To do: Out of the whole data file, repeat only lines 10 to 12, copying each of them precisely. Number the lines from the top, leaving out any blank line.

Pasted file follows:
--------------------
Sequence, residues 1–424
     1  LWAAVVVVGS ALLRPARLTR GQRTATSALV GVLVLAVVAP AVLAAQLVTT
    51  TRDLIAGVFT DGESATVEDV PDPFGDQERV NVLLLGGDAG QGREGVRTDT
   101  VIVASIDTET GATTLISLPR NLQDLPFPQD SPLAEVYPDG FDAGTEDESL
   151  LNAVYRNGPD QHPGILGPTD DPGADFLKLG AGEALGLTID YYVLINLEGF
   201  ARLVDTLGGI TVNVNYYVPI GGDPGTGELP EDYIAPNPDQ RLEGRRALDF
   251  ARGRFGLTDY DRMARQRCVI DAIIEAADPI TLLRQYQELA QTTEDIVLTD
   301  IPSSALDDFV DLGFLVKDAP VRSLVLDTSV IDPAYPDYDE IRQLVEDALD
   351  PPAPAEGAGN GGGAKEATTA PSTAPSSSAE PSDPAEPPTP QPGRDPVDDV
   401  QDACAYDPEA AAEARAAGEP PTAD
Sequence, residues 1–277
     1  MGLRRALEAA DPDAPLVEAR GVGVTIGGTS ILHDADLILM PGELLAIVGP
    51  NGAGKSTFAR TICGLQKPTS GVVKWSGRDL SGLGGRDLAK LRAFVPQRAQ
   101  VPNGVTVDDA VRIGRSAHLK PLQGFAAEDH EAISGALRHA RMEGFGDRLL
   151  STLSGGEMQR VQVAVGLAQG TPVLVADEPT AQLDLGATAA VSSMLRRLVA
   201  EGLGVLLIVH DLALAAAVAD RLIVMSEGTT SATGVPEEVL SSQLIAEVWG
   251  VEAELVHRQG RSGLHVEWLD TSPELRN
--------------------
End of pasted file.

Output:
   401  QDACAYDPEA AAEARAAGEP PTAD
Sequence, residues 1–277
     1  MGLRRALEAA DPDAPLVEAR GVGVTIGGTS ILHDADLILM PGELLAIVGP